Slow going again on this section. Not necessarily as draining, but definitely less interesting. And, for the most part, just as hard to get a good pace going.
As expected, I slept in a bit, which is to say, I stayed in my tent doing some maintenance and self-care tasks, as well as finishing a blog post it was too late to finish the night before. I didn’t leave camp until 7:30.
The first part was a breeze. Up to the shoulder of the mountain and down the ridge on what amounted to an actual footpath, if a bit overgrown. At the bottom, the trail soon joined a brand new perfectly cleared and compacted section through a bit of forest. After a mile, the forest continued on about the same while the trail switched to a more overgrown and easier to lose state. I took my morning break behind a nice rock formation.
As far as elevation goes, it was pretty gentle rollers all morning. Climb over a ridge, come down the other side, etc. The trail came down to an open area with a fence across it. Where there once would have been a gate someone had replaced it with a section of wired in barbed wire fence. And if that wasn’t rude enough, the bottom wire of the whole fence was not barbed except in that section, where they knew hikers would be having to crawl under it. I bent the separator wires to give as much crawlspace as possible for me and the next person, but I would have liked to have just removed the wire altogether so whoever was responsible would learn that that sort of thing was unacceptable. Put the gate back!
Just after a road crossing, I had a gut feeling it was time to stop. I had lunch there and by the time I left a bit over an hour later, some heavy clouds were rolling in. They would, throughout the rest of the day, go from partly cloudy to completely overcast. At this particular moment, they intermittently gave me long periods of shade.
Just a bit after lunch, I went through a tension gate and crossed the floodplain of East La Jolla Canyon. There was a sign saying the area ahead was full of obstacles due to a fire. It wasn’t lying.
On the first ridge, I kept losing the trail. In places it was marked only with yellow ribbons, possibly because I was on a future reroute. Other times, I was following cow tracks around the side of the ridge when the trail was way above me. But with all the downed trees, the cows seemed to have the better sense of it. Eventually, I climbed up to a nice section of brand new trail, clean and clear of the ankle breaker rocks. It lasted all of ten minutes, dead ending into a series of fallen plastic and wire flags showing where it would continue. Straight up another hill, that’s where. I crawled under a tree near the top and had a second lunch as my afternoon snack.
I came up to the shoulder of Pinon Knob and the descent there was through a light jungle gym of fallen trees, some with CDT markers still attached. It was not as long or as dense as the Mt. Hood fiasco, thank goodness. At the bottom of that began the day’s first serious climb. It was just like the day before, 45 degrees straight up, grass and chunks of rock, occasional markers and cairns. But this time the challenge was increased by the way being constantly blocked by fallen trees. Up 500 feet I went in a half a mile.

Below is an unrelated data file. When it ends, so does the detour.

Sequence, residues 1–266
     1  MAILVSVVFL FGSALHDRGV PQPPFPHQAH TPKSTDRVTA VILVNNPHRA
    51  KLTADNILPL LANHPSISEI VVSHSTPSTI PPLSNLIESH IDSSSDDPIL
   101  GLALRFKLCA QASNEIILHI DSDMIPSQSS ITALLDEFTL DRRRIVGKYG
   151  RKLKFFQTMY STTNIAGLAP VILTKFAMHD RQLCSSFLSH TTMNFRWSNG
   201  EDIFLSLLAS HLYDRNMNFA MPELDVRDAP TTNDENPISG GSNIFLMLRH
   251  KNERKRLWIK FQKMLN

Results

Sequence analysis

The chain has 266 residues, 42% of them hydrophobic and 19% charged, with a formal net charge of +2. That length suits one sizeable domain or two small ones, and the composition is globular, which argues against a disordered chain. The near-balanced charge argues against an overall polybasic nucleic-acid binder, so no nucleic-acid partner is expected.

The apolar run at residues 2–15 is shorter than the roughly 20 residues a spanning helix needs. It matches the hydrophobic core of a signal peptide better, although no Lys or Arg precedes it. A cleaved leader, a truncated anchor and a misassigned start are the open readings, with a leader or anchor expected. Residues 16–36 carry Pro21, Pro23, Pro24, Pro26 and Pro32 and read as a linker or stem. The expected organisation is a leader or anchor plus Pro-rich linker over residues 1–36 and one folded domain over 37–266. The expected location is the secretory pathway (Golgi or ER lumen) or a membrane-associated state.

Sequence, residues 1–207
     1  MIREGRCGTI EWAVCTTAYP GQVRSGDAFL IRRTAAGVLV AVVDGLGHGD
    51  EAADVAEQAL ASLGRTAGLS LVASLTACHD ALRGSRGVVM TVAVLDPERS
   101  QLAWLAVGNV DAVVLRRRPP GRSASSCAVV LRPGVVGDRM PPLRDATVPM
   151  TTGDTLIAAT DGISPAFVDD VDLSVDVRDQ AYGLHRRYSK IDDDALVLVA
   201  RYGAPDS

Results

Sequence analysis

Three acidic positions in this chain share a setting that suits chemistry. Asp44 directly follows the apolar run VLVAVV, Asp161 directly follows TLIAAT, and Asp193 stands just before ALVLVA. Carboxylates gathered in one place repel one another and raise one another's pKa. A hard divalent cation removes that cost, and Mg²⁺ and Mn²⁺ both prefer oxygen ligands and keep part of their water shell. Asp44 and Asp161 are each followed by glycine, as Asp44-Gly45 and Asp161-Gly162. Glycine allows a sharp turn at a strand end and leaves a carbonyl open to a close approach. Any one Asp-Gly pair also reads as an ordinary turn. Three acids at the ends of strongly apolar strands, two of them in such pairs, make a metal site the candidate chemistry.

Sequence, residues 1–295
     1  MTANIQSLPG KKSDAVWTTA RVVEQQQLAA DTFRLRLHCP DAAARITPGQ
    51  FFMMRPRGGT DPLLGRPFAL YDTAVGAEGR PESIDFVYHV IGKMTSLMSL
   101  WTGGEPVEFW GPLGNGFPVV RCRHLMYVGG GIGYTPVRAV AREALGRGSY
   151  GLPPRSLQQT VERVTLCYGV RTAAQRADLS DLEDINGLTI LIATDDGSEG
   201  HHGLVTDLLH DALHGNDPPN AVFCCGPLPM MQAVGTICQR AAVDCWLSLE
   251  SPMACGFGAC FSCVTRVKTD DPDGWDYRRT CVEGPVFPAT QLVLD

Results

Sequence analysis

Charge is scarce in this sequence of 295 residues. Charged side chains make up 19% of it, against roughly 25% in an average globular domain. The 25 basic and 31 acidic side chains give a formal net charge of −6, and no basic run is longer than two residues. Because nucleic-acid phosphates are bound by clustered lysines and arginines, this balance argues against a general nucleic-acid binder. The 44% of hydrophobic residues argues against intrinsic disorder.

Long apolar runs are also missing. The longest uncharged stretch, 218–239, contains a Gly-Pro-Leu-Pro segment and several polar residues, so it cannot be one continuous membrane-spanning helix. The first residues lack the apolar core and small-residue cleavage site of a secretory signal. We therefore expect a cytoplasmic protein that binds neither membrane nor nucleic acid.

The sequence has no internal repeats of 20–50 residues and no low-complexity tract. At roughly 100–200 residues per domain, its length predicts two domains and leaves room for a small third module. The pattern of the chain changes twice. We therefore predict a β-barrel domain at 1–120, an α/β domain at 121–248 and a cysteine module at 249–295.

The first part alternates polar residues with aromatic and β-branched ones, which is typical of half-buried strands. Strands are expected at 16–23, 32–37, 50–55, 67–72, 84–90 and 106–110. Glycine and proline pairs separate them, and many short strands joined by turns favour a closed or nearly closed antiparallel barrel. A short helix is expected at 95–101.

My first animal encounter highlight of the day happened on this climb. An enormous Horned Toad Lizard, much bigger than I am used to seeing, got scared off my path. I ran it around a bit to get a good look at it.
The burned forest continued. No footpath in sight, but even if there were it would have been crossed by fallen trees. This section was a nightmare to navigate by sight. For the most part, though, it was predictable. It tried to stay on top of the ridge the whole way.
And there were markers enough. Three kinds: cairns, tree cuts, and plastic CDT logos. The next marker visible from the last could be any of the three, and usually only one marker could be seen if any at all. If it was a cairn, it was probably too short to be seen over a rise or a snag until I came closer. And there were plenty of natural rock formations that resembled cairns from a distance. If it was the CDT logo, it might be so melted in the fire that it has shrunk down to near invisibility. If it was a tree cut, the cut and the surrounding bark might both be burnt black, but it was probably cut in a tree where the underlying wood was the same color as the bark anyway. Either way, I had to scan both the ground and the trees for the next marker each time, something easy to forget to do.
And there was a good heuristic for spotting the next marker: look straight up the hill, straight down the hill, or toward the center of the ridgeline. Head in that direction until you see one. I got so used to this tactic working that I lost the trail doing it.
I came upon a bull in the trail and had to bully him and evict him from my path several times in a row to keep going. Then I looked at my GPS and saw that I was walking down the wrong ridge and had been keeping him running for no reason. Sorry!
Back to the trail and over the next ridge, I found a good log to sit on for dinner. It wasn’t under a tree like usual because the cloud cover was so final that everywhere was shady. It took an hour or so to cook and eat and so a number of other chores, even though I hadn’t even been hungry yet. But I knew that I could hike faster if I ate something substantial.
And I did. The trail did not change by much. Somewhat fewer fallen trees. But I did hike faster up the hills and over the rolly rocks. I kept going past sunset until it was just about too dim to be able to make out the next marker and stopped in a saddle. The first piece of ground I came to was perfect, but was right next to a tree leaning on some other trees and groaning loudly whenever the wind blew. I moved just far enough away that that wouldn’t be so loud to keep me up all night and made camp. Asleep shortly after ten.
Trail miles: 18